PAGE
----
1. Your oxygen sensor needs to be replaced. Your car likely has a computer in it, did you know that? One of the functions of that computer is to monitor how much of your fuel has been burned, using an oxygen sensor. If this sensor is not working properly, the computer in your vehicle is not getting the right information. The sensor can get covered in debris and sludge in your busy engine and becomes less able to determine how much fuel and oxygen is being used, which will, in turn, decrease your fuel economy and make your car emit more dangerous gasses.


2. Your gas cap is faulty or loose. Your gas cap isn’t anywhere near your engine, right? So why would a loose gas cap cause your check engine light to come on? This is what the technicians at my dealership told me was the likely cause of my check engine light. When you do not screw it back into place properly or there is an issue with the gas cap, vapors created by your fuel will leak out of this area, which can wreak havoc on your entire fuel system. You’ll again see more emissions and less fuel economy. This is one of the most likely causes, especially if you do not feel like your vehicle is driving strangely or that there is anything else wrong with it.


3. You need new spark plugs. Your spark plugs are integral to the function of your vehicle, and if they are not working properly, your car is going to tell you about it by switching on your check engine light. You need functioning spark plugs in order to be able to start your car. When these plugs start to fail or misfire, you can feel it when you start your car. Pay attention and see if your car jolts a little bit when you accelerate. Your plugs are simply going to fail—it’s what they do. This is why you need to take your vehicle in to the dealership if your light comes on.


4. Your mass airflow sensor is faulty. This sensor’s job is to tell your car how much fuel the engine needs, based on how much air is in the engine. It is critical to a properly functioning engine and if it does not work properly, you’ll see that your emissions are increased and your gas mileage is decreased. If you do not regularly replace your air filters, you are going to see this becoming a more and more common problem. Replacing your air filters when you get an oil change is one of the best ways to make sure this never happens to you.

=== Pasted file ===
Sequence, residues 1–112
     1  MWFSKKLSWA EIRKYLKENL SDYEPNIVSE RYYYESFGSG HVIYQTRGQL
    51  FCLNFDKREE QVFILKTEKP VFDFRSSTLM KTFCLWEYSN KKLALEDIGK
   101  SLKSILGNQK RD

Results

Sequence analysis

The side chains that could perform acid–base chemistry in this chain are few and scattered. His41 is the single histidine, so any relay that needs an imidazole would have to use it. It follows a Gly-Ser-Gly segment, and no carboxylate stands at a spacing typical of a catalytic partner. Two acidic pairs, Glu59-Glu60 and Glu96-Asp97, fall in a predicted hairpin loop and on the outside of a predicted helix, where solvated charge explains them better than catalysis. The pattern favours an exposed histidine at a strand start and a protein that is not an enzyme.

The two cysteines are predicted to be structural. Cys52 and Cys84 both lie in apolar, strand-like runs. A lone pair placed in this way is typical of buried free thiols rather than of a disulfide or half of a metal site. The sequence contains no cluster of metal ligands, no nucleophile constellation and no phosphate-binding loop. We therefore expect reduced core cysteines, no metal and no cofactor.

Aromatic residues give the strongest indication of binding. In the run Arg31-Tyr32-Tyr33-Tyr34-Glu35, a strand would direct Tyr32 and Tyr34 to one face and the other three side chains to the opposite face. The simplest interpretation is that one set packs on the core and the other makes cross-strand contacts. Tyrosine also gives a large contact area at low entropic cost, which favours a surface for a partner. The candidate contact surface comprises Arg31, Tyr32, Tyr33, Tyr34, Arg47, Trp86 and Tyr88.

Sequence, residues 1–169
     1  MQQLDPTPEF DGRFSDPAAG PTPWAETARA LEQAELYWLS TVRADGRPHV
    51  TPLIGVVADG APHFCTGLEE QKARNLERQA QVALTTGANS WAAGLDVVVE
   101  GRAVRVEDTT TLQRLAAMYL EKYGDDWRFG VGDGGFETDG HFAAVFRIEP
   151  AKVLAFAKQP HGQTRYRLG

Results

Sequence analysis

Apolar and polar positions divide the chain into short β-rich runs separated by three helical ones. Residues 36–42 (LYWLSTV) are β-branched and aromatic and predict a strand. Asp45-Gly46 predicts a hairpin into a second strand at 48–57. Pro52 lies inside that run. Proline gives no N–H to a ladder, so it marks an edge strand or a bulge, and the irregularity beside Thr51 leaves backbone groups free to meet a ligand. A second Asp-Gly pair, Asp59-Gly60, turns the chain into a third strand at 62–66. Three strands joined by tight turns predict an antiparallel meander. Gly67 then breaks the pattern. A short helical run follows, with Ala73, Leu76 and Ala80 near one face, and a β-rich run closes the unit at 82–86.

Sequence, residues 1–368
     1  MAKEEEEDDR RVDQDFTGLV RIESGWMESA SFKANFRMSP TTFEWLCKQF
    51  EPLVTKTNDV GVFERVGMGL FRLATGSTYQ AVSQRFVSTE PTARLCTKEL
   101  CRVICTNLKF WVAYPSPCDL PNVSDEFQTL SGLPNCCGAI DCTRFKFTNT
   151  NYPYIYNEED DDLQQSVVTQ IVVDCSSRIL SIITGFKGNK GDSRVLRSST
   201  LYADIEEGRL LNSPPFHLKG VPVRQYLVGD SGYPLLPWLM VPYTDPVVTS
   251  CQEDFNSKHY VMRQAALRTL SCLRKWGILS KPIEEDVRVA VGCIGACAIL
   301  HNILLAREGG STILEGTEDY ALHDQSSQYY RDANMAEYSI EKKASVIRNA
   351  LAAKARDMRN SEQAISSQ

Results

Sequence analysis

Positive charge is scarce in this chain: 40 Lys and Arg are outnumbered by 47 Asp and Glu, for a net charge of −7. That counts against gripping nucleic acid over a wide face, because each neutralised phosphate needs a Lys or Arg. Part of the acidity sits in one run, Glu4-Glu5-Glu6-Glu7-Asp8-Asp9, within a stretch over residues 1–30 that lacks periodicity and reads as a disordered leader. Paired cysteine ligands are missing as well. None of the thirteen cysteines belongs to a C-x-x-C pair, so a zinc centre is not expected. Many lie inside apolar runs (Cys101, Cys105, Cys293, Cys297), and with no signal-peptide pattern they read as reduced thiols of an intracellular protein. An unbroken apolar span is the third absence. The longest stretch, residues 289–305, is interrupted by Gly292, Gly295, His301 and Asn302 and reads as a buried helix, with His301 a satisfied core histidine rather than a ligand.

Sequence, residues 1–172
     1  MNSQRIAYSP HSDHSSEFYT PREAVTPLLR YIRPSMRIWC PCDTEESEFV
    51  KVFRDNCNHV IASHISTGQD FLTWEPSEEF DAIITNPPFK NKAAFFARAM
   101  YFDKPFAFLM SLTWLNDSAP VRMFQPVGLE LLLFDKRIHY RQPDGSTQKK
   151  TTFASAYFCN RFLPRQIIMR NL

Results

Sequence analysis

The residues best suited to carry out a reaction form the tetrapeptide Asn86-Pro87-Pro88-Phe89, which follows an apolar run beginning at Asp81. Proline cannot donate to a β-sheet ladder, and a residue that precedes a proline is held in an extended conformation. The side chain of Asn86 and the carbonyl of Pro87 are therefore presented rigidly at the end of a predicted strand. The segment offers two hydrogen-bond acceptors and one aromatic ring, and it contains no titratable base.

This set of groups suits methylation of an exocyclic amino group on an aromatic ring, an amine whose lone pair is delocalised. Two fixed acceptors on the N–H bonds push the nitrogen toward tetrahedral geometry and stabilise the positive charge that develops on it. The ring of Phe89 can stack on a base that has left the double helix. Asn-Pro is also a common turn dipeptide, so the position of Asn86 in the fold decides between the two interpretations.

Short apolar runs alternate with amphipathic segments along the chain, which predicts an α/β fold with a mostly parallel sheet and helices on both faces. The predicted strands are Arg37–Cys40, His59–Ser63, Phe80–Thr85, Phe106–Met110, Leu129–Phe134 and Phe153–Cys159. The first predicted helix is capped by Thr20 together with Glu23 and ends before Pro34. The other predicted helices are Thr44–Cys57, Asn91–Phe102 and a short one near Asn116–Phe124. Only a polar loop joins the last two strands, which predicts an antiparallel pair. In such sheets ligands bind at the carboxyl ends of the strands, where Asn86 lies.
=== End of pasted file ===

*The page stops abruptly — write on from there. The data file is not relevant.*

5. You need a new catalytic convertor. Your catalytic convertor is used to reduce the amount of harmful gas that your car emits. It will convert carbon monoxide into completely harmless gasses, which makes driving a car not as bad for the environment as it used to be before catalytic convertors were used in vehicles. If this part of your car starts to malfunction, you are going to see your check engine light come on. Not driving around for weeks or months with your check engine light on is integral to protecting this part of your vehicle. Issues with your catalytic convertor usually stem from faulty oxygen sensors of old spark plugs—issues your vehicle will already have been trying to tell you about.


6. You need a new thermostat. Your car’s thermostat determines the temperature of your engine, opening the valve to let in coolant when it is needed. If this device is not working properly, your check engine light will probably come on. A malfunctioning thermostat will probably lead to overheating and severe engine corrosion, depending on how long you drive with your check engine light on and do not take your vehicle in to be serviced.


If your check engine light comes on, the best thing to do is to take your vehicle in to your dealership as quickly as possible. While a check engine light does not always constitute an emergency, this is your vehicle trying to tell you that something is wrong and that the situation is, at the very least, urgent.